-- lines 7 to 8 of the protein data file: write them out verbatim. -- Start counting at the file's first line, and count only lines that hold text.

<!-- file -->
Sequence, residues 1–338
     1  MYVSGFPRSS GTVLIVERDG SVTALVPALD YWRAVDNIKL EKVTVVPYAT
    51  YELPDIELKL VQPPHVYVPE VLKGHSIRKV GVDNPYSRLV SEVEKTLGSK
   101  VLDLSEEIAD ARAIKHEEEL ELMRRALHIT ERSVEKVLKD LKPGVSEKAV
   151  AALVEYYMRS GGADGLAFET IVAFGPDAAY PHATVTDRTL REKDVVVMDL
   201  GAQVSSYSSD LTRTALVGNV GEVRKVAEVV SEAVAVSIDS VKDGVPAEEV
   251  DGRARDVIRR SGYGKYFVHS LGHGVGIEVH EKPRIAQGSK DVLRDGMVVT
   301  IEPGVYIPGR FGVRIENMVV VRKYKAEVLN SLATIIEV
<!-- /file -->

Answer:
   251  DGRARDVIRR SGYGKYFVHS LGHGVGIEVH EKPRIAQGSK DVLRDGMVVT
   301  IEPGVYIPGR FGVRIENMVV VRKYKAEVLN SLATIIEV